TNN | Updated: Jun 30, 2018, 05:16 IST
The government on Friday promised the HC that it will speed up the enclosing of open wells and fencing of a railway line in the protected Gir area by the end of 2019 so as to protect the lions and prevent their unnatural deaths.
Chief conservator of forests, wildlife circle, Junagadh, D T Vasavada, filed an affidavit giving details about the efforts taken to protect lions. The reply came in response to a PIL by the HC itself, after the state assembly was informed in March that 184 lion deaths had been recorded in the last two years, and many deaths were due to unnatural causes.
The government assured the HC, “The state government is alive to the situation and ensures that Asiatic lions, which survive only in the Gir landscape, being a national treasure, are well guarded and the species is well preserved under the aegis of the forest department.”
Open wells have always posed a danger to lions. The forest department stated that it has already spent Rs 22.30 crore on enclosing 32,559 open wells, of the 50,517 such wells in Gir. The government gives farmers assistance of Rs 8,000 to Rs 16,000 for this. The remaining 17,958 open wells will be covered by the end of 2019, the department said.
The affidavit also stated that of the 86.8km Surendranagar-Pipavav railway track which passes through the protected area, 81.6km has been fenced off at a cost of Rs 38.89 crore. The remaining 5.2km of track in Amreli district will be fenced off in the next six months.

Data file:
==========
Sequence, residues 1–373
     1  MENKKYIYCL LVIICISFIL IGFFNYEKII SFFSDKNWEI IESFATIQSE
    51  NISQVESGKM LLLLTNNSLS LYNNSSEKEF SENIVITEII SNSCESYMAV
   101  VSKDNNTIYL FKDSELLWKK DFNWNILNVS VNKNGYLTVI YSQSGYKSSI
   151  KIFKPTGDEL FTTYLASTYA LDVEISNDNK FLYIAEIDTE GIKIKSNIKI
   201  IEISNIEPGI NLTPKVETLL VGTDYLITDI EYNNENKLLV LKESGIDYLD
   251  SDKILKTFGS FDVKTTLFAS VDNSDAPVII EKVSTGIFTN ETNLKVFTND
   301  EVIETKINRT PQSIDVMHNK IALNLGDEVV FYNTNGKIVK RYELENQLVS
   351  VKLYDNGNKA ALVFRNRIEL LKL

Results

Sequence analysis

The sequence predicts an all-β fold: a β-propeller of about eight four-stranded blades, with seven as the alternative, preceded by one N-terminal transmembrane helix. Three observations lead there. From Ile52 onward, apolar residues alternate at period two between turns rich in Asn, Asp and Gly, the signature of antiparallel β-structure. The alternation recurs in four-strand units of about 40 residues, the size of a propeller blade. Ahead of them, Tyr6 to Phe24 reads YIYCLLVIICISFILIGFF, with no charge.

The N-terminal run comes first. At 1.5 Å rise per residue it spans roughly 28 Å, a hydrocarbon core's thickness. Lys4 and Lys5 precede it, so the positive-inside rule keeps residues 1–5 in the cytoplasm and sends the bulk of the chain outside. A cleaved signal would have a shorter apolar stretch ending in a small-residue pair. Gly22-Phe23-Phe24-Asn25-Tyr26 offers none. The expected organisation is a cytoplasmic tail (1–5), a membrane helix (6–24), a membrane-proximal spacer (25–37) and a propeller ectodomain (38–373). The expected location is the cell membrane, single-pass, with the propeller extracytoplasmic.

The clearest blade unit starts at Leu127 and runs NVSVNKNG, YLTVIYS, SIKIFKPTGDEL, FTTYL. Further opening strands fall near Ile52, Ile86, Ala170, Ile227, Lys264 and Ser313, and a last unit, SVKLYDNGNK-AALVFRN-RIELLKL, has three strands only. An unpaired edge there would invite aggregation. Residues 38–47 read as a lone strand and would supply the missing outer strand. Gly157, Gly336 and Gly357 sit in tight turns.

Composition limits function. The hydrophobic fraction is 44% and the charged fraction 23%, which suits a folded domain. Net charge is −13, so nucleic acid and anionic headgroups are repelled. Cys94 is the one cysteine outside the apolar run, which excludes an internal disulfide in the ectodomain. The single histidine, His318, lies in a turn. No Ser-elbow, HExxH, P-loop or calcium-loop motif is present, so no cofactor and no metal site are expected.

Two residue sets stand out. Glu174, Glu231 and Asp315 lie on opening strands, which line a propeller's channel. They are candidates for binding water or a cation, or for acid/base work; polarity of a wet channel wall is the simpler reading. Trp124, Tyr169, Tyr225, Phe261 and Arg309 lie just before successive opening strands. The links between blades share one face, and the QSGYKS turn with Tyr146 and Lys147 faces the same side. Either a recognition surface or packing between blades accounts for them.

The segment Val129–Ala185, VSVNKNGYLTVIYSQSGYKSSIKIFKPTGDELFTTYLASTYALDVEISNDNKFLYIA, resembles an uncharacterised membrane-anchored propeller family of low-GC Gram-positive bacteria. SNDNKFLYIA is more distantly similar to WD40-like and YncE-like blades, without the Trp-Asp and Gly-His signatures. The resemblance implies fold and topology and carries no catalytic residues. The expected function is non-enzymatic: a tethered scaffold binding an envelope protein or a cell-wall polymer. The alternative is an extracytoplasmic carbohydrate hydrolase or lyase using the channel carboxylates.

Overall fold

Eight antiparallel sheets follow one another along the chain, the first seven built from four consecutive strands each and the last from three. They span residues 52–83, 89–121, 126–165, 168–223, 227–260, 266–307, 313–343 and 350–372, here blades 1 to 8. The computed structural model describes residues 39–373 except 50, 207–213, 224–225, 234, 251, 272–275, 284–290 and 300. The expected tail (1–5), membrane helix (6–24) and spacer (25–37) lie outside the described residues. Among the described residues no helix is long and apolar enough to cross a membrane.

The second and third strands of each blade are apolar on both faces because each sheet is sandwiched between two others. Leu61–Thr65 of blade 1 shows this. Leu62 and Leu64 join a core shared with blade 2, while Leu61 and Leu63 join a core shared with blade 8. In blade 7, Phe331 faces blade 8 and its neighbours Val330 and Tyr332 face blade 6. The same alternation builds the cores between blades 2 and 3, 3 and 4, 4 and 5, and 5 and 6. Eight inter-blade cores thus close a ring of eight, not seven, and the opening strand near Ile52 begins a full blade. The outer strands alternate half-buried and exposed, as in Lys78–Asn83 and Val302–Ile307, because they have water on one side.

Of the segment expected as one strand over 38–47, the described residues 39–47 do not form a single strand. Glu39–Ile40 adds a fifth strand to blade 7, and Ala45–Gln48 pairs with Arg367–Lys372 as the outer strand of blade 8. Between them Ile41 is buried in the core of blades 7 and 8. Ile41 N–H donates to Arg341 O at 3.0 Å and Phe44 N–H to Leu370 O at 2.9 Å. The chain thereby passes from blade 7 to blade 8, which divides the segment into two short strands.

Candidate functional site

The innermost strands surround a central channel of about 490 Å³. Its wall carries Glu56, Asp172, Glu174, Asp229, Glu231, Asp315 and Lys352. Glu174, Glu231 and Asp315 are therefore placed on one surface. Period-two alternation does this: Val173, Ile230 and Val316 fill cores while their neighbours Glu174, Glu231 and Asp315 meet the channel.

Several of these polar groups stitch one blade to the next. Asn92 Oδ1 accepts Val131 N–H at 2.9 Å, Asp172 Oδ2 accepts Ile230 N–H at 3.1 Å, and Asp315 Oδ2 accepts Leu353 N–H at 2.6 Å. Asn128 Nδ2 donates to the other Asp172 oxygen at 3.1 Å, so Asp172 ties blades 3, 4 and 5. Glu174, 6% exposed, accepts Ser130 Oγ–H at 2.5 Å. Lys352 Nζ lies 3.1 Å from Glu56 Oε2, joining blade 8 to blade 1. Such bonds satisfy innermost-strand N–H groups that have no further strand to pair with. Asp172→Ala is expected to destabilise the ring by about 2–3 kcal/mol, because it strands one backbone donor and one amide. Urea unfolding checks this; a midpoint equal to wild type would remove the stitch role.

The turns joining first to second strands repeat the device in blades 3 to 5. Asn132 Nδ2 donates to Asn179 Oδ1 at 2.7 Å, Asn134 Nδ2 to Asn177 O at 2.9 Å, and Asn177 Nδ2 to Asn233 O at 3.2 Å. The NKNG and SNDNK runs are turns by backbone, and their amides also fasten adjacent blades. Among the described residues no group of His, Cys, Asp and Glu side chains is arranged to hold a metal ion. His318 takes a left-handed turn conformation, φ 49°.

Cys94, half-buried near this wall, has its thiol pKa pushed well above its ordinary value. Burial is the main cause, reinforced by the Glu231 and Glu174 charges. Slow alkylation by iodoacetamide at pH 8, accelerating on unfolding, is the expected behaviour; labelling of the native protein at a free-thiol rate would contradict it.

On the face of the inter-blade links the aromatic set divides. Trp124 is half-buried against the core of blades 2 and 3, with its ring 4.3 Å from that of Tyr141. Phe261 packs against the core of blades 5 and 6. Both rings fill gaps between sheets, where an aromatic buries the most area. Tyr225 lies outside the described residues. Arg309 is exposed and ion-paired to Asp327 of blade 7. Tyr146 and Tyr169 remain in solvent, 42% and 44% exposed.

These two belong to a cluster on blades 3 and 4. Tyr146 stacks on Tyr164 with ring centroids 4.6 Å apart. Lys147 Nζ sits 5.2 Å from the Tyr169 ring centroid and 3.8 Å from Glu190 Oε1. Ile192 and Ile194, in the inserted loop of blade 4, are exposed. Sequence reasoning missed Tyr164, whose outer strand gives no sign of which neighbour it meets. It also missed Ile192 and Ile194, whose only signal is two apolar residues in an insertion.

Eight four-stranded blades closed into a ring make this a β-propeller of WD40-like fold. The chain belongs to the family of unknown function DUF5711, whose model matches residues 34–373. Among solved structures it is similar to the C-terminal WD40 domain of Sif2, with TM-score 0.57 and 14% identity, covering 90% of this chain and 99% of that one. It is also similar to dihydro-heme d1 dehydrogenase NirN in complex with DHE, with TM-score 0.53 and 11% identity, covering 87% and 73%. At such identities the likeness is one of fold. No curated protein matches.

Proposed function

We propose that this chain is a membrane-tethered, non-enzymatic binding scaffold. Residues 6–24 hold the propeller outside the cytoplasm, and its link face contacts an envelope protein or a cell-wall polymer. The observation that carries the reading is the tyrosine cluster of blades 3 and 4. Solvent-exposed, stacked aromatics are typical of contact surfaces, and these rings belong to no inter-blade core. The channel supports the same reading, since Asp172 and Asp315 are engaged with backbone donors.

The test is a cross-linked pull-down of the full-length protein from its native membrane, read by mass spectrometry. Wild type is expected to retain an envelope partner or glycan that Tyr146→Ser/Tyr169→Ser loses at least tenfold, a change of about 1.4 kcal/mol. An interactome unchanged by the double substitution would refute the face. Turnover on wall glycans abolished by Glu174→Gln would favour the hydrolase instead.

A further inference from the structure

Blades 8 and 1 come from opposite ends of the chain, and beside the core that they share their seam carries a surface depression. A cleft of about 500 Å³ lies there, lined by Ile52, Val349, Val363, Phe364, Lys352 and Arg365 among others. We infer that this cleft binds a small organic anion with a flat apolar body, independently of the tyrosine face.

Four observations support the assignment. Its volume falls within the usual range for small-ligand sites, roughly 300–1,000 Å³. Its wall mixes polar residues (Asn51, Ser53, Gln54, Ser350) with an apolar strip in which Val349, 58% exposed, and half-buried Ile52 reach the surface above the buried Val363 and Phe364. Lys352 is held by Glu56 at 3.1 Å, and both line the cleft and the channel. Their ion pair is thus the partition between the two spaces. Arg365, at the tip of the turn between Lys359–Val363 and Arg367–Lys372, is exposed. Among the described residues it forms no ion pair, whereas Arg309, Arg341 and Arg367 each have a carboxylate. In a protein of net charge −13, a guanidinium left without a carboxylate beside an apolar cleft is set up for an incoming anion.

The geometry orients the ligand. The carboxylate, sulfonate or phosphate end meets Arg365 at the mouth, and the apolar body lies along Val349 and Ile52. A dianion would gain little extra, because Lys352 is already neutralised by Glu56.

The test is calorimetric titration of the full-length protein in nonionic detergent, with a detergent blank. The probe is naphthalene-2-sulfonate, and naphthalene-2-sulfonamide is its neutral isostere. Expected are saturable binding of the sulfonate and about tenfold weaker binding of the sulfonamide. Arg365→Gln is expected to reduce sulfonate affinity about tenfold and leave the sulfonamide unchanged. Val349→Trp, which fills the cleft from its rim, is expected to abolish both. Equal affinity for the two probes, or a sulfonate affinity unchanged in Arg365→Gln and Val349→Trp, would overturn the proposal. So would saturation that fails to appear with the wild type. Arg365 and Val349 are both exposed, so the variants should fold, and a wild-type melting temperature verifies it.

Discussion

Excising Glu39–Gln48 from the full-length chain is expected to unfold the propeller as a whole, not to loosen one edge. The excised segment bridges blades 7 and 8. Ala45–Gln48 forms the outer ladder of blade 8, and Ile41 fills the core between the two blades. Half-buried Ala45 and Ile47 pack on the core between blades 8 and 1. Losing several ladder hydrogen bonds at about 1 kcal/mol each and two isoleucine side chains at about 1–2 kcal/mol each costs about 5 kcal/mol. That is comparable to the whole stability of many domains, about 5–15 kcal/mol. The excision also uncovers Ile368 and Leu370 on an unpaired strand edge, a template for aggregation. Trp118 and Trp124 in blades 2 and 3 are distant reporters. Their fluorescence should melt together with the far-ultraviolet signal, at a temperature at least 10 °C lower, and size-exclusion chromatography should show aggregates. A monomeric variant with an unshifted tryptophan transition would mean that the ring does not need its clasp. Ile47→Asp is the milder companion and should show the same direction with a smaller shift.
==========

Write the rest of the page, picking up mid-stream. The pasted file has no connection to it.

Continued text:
On lion deaths by electrocution, the officer told the HC that a state committee has made recommendations to prevent unnatural deaths. Joint patrols of forest officials and officials of Paschim Gujarat Vij Co Ltd are carried out in several villages to identify electrified fences. The affidavit also stated that only two such lion deaths were reported in the last two years and action has been taken by the forest department in this case.
No plan to further restrict traffic on state highways
The forest department is not mulling further curbs on traffic on the six highways that pass through the forest. It said that four roads are completely closed at night because lion movements peak in the dark. State highways No. 26 and No. 98 witness minimal lion movement, so entry/exit points on these roads in the protected area are monitored. All vehicular movement is recorded.